A passenger who was on board a United Airlines flight has described in detail on social media how unwanted insects accompanied her on a nine-hour flight.
Charlotte Burns tweeted that she had first noticed a “large, fat ant” on her pillow before take-off from Venice, Italy to Newark, New Jersey, on Monday.
She then tweeted how minutes later, another “fat little bug” scurried across her television screen, before a third appeared on her arm.
After alerting cabin crew, Burns was asked if she could wait for a response until after takeoff. She was then told she needed to wait until after the meal service.
The procession of insects increased in size while Burns provided regular updates, even though she did not want to “be difficult or cause a fuss.”
The insects were also spotted by a passenger sitting across from her, who she called the “middle aisle guy.”
“He says he has seen a parade — a parade!— of six of the in the overhead locker in the seat in front of me,” she wrote.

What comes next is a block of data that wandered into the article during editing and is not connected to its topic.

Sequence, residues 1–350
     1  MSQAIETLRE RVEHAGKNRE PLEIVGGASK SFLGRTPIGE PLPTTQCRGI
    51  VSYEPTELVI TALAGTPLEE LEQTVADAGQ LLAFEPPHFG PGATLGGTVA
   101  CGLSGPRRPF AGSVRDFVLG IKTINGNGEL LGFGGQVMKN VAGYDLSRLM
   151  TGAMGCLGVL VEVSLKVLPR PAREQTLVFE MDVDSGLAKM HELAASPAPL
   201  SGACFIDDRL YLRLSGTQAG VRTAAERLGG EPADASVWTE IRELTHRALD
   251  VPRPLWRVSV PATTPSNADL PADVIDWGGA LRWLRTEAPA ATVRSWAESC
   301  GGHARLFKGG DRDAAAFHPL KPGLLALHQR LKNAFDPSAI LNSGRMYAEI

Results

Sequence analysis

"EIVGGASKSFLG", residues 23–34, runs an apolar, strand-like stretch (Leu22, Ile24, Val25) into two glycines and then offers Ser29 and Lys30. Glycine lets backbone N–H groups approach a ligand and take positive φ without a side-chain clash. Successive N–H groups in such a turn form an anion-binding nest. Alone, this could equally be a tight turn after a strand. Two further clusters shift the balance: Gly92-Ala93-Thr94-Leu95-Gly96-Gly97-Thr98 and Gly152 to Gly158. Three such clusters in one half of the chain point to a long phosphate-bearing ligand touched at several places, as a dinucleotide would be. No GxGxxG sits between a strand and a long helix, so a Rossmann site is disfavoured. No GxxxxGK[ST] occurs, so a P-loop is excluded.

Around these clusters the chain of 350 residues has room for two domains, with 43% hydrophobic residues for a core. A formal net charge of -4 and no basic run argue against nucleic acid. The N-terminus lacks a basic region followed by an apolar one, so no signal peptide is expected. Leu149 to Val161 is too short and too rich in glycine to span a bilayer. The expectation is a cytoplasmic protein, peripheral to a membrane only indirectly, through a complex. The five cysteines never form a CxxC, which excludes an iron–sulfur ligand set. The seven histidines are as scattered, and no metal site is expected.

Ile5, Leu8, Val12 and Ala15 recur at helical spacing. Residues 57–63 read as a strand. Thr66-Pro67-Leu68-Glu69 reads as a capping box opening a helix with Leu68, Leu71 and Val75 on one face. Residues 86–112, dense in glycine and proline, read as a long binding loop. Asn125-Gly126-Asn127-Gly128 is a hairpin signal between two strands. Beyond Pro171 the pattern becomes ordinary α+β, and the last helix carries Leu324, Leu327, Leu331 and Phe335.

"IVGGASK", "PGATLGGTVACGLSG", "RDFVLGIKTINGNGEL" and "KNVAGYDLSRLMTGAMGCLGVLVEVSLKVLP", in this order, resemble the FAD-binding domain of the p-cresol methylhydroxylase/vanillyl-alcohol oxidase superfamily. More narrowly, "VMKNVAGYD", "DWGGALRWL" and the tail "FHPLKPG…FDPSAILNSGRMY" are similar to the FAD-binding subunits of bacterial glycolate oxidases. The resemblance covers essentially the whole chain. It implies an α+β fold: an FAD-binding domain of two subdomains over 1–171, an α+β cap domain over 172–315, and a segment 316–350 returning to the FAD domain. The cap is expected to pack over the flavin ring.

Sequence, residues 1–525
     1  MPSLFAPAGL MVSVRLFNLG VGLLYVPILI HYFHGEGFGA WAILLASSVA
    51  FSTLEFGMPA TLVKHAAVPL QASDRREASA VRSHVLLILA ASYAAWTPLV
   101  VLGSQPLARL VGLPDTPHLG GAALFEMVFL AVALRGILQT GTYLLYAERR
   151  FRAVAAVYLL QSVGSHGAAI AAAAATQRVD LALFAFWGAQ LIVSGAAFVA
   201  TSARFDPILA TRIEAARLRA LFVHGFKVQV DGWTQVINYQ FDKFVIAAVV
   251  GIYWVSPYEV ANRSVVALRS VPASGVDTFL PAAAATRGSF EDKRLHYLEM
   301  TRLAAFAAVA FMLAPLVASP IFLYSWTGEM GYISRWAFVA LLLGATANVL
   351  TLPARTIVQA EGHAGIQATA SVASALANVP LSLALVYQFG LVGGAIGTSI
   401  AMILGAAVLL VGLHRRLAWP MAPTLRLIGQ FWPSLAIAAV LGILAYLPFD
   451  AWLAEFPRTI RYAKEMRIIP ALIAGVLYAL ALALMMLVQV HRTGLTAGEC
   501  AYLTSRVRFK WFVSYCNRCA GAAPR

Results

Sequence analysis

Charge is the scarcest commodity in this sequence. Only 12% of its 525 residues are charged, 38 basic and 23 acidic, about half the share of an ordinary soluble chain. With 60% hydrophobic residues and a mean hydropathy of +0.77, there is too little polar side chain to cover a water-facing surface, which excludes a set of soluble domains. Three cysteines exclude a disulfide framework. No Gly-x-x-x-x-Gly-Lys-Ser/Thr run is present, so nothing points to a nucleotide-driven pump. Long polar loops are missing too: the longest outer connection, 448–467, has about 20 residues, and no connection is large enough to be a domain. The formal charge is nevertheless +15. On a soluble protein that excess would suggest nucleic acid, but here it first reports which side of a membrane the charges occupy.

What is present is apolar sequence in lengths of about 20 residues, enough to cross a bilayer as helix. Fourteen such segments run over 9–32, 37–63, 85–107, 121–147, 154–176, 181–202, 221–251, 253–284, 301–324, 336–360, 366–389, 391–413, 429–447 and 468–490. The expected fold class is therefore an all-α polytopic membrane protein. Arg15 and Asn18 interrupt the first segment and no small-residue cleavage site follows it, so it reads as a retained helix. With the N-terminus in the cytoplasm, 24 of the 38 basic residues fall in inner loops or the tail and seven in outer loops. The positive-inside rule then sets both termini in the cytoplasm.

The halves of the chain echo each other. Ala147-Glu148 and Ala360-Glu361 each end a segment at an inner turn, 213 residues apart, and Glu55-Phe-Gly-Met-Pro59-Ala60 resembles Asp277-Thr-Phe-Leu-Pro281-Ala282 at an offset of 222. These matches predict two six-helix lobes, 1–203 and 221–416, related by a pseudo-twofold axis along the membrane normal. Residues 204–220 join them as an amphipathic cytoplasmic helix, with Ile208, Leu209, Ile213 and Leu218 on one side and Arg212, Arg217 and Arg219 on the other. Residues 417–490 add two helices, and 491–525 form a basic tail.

The pair then traced the source of the infestation to the carry-on bag of a fellow passenger, which was in an overhead bin but not zipped up.
A crew member woke the sleeping owner of the bag, inspected it, and found it was indeed full of live ants.
Burns wrote: “The guy in front pulls down his case (which btw isn’t zipped shut, as middle aisle guy notes to me in an aside) and ants ants ants spill out, running in every which direction.
“This is absolutely heeby-jeeby-goose-bumpy-get-me-a-gin-gross.”
Burns, described on her Twitter profile as a senior editor of In Other Words podcasts, was offered three kinds of white wine to take her mind off her ordeal. Although it stressed her out, she described the other passengers as “unflappable” when it came to the bugs.
When she got home, she treated her luggage in a Zapp bag, a device that kills insects by heating them.
In a statement to PEOPLE, the airline said that the ants were contained and were due to a passenger and not the aircraft.
“We are concerned by the experience a customer reported on United Flight 169 from Venice to Newark.
“We had been in contact with the crew during the flight, where they advised the ants were isolated from a customer’s bag in the overhead bin, and was contained to a limited area of the cabin,” the statement from United said.
“The airplane landed at Newark this afternoon and has been taken out of service for extermination. We followed proper protocol by notifying customs, immigration, as well as agriculture of the issue.”